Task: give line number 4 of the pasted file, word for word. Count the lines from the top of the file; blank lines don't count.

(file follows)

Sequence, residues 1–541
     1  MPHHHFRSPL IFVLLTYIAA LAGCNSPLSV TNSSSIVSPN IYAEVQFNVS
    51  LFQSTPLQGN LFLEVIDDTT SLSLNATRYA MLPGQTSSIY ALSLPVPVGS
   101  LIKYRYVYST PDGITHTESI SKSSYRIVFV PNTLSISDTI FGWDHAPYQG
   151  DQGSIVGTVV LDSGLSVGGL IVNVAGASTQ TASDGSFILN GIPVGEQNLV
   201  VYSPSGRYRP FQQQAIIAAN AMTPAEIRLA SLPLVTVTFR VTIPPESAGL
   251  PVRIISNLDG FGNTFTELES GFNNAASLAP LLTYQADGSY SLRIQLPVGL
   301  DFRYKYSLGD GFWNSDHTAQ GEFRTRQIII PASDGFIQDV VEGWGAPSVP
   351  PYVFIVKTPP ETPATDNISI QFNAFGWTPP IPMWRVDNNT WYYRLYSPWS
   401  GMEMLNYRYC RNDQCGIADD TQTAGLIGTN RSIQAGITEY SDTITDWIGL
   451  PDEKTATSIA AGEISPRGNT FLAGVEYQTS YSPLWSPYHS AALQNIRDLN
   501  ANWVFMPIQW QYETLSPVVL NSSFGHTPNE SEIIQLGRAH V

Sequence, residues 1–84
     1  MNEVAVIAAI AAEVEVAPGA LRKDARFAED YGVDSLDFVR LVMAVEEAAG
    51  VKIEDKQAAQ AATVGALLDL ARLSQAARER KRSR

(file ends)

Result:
   101  LIKYRYVYST PDGITHTESI SKSSYRIVFV PNTLSISDTI FGWDHAPYQG